As I’ve outlined over the many years we’ve produced these Automator tips, this fine utility can be used in powerful ways to make your work easier. However, in the hands of the office prankster it can also be used as a useful tool on the first day of April.
The following workflows require that you have access to your target’s Mac and user account. No one but a fool would leave their Mac open in such a way, but finding such fools is exactly what April Fools’ Day is all about, right?
The devious desktop
Automator allows you to choose any image you like and use it as a desktop pattern. Feel free to click on the image below to expand it to its full size. Click on the image and then drag it to your desktop to save it. If that doesn’t work, Control-click (or right-click) on the original image in this story and select Open Link In Window. Drag and click from there.
Plant that image in a not-entirely-obvious place on your victim’s Mac. Launch Automator (in /Applications) and in the template chooser that appears, select Application and click Choose. In the Finder, drag this image file into the workflow area. This creates a Get Specified Finder Items action that points to the image.
Now select the Files & Folders library and from the Actions column next to it, drag the Set the Desktop Picture action into the workflow area. Save your workflow and in the sheet the appears choose Application from the File Format pop-up menu, give it an innocent-sounding name such as “Clock Sync,” and save it to the same somewhat-hidden location you saved the image file.
Launch System Preferences, choose Users & Groups, click the Login Items tab, click the plus (+) button below, and navigate to the workflow you just created to add it. (No, you don’t need to have the user’s administrator’s password to add a login item.) When the person who normally uses this Mac next restarts it, they’ll find that their Mac sports a radically different look.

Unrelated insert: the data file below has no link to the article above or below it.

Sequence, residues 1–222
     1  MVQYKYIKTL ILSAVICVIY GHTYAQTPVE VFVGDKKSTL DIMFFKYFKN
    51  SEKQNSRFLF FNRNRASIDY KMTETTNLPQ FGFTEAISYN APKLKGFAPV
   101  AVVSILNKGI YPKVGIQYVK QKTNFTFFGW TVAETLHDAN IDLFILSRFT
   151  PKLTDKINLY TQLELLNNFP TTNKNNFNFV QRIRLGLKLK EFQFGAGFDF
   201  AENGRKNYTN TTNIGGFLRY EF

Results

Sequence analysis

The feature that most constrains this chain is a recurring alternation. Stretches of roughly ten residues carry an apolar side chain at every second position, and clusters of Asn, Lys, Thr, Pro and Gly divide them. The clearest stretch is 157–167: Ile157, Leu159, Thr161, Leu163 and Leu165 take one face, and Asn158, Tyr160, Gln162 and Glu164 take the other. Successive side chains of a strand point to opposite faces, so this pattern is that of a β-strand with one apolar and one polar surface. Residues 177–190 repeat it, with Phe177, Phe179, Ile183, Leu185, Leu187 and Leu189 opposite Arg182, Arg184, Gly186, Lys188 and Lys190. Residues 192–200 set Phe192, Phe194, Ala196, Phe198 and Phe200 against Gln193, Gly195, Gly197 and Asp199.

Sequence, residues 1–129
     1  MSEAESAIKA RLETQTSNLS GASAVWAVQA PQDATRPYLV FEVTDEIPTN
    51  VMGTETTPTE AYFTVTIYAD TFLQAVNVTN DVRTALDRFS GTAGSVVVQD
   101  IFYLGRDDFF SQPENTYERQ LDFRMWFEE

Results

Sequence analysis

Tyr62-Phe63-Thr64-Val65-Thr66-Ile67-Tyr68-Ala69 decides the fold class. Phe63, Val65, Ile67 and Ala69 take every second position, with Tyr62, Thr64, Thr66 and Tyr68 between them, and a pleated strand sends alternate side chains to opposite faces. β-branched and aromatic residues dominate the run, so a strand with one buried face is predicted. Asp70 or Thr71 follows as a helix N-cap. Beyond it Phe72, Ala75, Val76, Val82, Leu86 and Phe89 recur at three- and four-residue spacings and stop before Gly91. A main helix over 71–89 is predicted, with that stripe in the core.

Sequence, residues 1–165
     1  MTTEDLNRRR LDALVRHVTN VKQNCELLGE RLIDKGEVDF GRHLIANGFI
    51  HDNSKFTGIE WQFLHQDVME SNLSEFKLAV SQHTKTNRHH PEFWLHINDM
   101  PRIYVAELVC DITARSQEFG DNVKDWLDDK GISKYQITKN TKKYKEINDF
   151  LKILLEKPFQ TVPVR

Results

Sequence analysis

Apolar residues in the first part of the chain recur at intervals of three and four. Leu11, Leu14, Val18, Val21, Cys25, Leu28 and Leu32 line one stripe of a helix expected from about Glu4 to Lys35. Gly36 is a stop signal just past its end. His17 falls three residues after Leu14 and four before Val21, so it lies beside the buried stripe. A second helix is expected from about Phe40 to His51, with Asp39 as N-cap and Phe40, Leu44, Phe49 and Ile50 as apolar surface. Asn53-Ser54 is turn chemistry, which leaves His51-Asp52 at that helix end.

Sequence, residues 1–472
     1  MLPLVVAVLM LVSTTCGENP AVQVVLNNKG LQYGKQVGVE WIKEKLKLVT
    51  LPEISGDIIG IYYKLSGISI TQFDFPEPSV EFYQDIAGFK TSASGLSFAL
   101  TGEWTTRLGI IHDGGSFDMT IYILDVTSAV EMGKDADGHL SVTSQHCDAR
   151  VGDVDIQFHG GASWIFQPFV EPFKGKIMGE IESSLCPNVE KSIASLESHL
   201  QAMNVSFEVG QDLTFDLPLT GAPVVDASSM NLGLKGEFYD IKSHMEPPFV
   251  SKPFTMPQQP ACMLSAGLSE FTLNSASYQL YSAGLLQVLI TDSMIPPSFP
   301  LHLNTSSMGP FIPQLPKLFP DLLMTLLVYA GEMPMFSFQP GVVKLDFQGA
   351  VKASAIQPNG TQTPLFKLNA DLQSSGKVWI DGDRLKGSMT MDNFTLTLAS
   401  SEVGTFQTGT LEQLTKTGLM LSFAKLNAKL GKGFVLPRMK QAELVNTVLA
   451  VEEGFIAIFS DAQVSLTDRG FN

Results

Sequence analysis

To undo what you’ve done: Remove your Clock Sync application from the account’s login items. Control-click (right-click) on the desktop and choose Change Desktop Background from the contextual menu. Select the old desktop background.
The transforming Trash
You and I know that with Mac OS X, the Trash icon is now found in the Dock and not on the desktop. But if your friend is a Mac user from way back (or just not very observant), they may fall for this one.
Create another Application workflow. Select the Files & Folders library and drag the Rename Finder Items action into the workflow area. (When you see the warning, click Don’t Add.) From the action’s top pop-up menu choose Name Single Item. Configure the pop-up menu and text below to read PLEASE DON’T KILL ME!!! Save your workflow as an application and name it Trash.
As you did with the Windows desktop image, click on the image to see it full size, and then drag it to your desktop to copy it. (If that doesn’t work, Control-click, or right-click, on the original image in this story and select Open Link In Window. Drag and click from there.) Open the image in Preview and press Command-A to select its contents and Command-C to copy them. Now select the Trash workflow you just saved to your desktop and press Command-I to bring up its Info window. Click on the icon in the top-left corner and press Command-V. The image of the trash will now become the workflow’s icon. Place the file in the bottom right corner of the Mac’s display.